Northland businesses facing more than two months of disruption with Brynderwyns closure

The Brynderwyn Hills are closing for another round of work after destruction caused by Cyclone Gabrielle last year.

Steve Mutton, director of regional relationships at the New Zealand Transport Agency, said the work is crucial to future-proof the road in the event of major weather occurrences.

"We're going to be digging into the hillside and moving the two lanes of road away from the vulnerable edge," he said.

"That creates a wider shoulder, allows us to respond to issues much more quickly."

The closure is set to only add about 20 minutes to a trip north for cars, where drivers can detour through Mangawhai and Waipū.

But that route isn't suitable for freight, which is likely to be directed through an inland road. Heavy freight will have to drive through Dargaville, which adds another 71 kilometres to the trip.

More than 1000 trucks travel through the Brynderwyns each day and the detours are expected to be costly.

"On the shorter route, that adds about $80,000 a day to freight costs, because of the extra time," said Transporting New Zealand's Dom Kalasih.

"If they take the longer route via Dargaville... that adds about $250,000 a day."

Murray Lane owns a cafe in Waipū just over the Brynderwyns and is worried it might take a hit.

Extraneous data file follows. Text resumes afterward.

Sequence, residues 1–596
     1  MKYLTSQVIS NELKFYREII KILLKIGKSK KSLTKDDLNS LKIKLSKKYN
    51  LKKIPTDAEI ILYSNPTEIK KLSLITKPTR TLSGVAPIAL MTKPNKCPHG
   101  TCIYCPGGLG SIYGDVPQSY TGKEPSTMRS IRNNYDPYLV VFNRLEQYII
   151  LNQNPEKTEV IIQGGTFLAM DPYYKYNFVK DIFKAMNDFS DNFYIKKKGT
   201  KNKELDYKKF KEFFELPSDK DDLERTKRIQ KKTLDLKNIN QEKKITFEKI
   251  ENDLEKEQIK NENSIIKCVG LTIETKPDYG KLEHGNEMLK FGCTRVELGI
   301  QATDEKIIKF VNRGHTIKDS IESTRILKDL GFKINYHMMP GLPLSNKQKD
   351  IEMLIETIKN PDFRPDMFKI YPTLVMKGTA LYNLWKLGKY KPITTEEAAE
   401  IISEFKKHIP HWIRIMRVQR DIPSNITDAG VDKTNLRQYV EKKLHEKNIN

"I actually foresee we'll be cutting staff or dropping hours at least. But in saying that, I don't know because it might be better this time, because people are prepared for it," he said.

"But we have excellent local support here, so we're lucky."

Further up north, locals want people to know the region is still open.

Some, like the Duke of Marlborough hotel, are even enticing punters in.

Co-owner Riki Kinnaird said those who stay at their hotel during the time of the closure will even earn themselves a free McLeods beer or orange juice.

"We'll put you on the deck and you can de-stress!"

Josh Kirby from the Kaitaia Business Association said what the region really needs is a long-term fix.

"There must be some focus on finding a permanent solution so that we don't end up in this position again," he said.

"The road closes on the 26th of February and it would be my expectation that planning for a permanent solution starts on the 27th."

He's encouraging visitors to still head up North, and enjoy the scenic routes available.